What Is Debtor Finance

Debtor financing involves borrowing of funds for the purpose of keeping the company running, to develop the company. Also, debtor financing is a broad description describing the type of financing which uses the traded receivables as collateral to secure the loans. It really helps through the form of cash advances or a line of credit for the business, which is secured by the value of the unpaid bills in a company as accounts receivables book. Businesses sell outstanding invoices on accounts receivables to the receivables financing company to get access to needed working capital.

When businesses need to unlock cash flow, selling unpaid invoices may be an option for third-party lenders, which will advance funds based on the value of these invoices. Businesses can opt for debtor finance, or invoice finance, to immediately unlock money that is owed them on unpaid accounts receivable. For businesses looking to extract funds for uncollected invoices, debtor financing provides a convenient option for mitigating company risks and providing stable cash flows.

Debtor Finance

By funding invoices that are not paid quickly, debtor financing speeds up your income–it increases working capital and gives your business the funds it needs to pay suppliers, salaries, or other expenses. 

A factoring firm advances 80%-85% of invoice value once an invoice is submitted for funding. You send an invoice to a finance company; they will give you a loan of up to 95% of invoices value.

The customer gets 80-85% of the total value of a group of invoices as available funds. When a client pays the invoice into a designated factor account, the factor deducts their fees, interest and advances on the amount sent in, then pays the remainder back to the business. If an invoice or accounts receivable remains unpaid for any longer than is specified in the debtors financing agreement, the factor has recourse against the company for funds that were advanced, meaning that it may recover money from the company.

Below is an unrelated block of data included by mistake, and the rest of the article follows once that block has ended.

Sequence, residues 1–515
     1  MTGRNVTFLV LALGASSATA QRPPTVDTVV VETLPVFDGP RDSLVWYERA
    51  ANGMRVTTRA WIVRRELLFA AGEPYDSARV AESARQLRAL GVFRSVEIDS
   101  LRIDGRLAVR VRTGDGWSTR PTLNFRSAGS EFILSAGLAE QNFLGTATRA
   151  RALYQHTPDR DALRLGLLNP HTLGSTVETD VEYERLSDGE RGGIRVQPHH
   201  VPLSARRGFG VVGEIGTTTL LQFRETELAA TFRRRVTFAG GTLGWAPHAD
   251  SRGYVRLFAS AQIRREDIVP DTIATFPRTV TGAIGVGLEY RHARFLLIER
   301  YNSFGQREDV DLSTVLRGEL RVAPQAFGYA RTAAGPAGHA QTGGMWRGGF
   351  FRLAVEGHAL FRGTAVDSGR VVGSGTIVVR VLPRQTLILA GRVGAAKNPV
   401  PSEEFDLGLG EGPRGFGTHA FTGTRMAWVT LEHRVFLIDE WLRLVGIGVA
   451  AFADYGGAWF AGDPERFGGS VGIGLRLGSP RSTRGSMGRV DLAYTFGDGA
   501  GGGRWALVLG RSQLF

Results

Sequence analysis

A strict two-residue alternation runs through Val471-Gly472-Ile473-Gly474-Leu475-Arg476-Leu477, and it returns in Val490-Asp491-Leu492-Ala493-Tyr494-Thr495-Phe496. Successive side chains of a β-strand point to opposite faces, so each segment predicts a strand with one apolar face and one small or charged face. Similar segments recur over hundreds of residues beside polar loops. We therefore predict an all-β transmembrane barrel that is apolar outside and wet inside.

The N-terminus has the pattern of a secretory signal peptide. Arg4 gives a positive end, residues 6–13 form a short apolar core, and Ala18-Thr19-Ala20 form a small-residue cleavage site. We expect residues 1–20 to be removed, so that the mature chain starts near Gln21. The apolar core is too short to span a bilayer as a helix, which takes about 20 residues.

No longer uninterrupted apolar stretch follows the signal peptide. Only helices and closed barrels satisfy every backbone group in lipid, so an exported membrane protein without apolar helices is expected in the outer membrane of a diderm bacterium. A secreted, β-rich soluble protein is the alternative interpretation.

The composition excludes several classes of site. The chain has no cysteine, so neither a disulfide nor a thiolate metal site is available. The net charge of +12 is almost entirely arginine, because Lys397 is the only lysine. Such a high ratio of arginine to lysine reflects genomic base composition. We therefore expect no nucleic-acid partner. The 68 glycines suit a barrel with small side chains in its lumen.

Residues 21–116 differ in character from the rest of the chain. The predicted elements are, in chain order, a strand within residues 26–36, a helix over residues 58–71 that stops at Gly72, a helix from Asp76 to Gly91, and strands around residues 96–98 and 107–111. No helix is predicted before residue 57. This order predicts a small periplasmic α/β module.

With factoring, the factor (the institution who advances funds on invoices) participates in company management, including sending statements to a company’s customers and calling them, as needed, either to confirm invoices and deliveries or to monitor debts which are past due. The fees involved in Factoring and Discounting vary depending on the value of the invoices, the length of the financing arrangement, your customers credit rating, and the type of debt being financed. Within the scope of discounting and factoring, there are two major types of debtors financing services, differing by the type of invoice used to access funds.

Unlike invoice factoring, your business continues to manage the invoice bookkeeping and collections, meaning that invoice discounting is typically best for larger companies that have their own in-house credit and accounting departments. Generally, the invoices are not audited by a funding provider in invoice discounting, as your company’s collection and handling of the invoices is handled internally. Invoice discounting can provide privacy insofar as your customers do not or cannot tell if you are using a financing company for the collection of invoice payments.

If you prefer to keep your financing relationships confidential, invoice discounting arrangements may offer a way of obtaining financing without disclosing that the financing company is involved. If you need an ongoing funding source because, say, your company is growing rapidly, invoice discounting could be a good fit, if you are capable of managing the collection of payments. Because there are no interest charges or other costs associated with setting up other types of finance, invoice financing can often be more cost-effective than taking out an overdraft or an unsecured business loan.

If you can leverage money tied up in your debtors account to power your companies growth, invoice finance could be an efficient funding solution. Debtor financing is a form of corporate financing that allows businesses to overcome the cash flow issues that might hold them back. For start-ups and established businesses, debtor financing can be used to cover bills, negotiate discounts on payments in advance with suppliers, and provide net terms to attract new customers.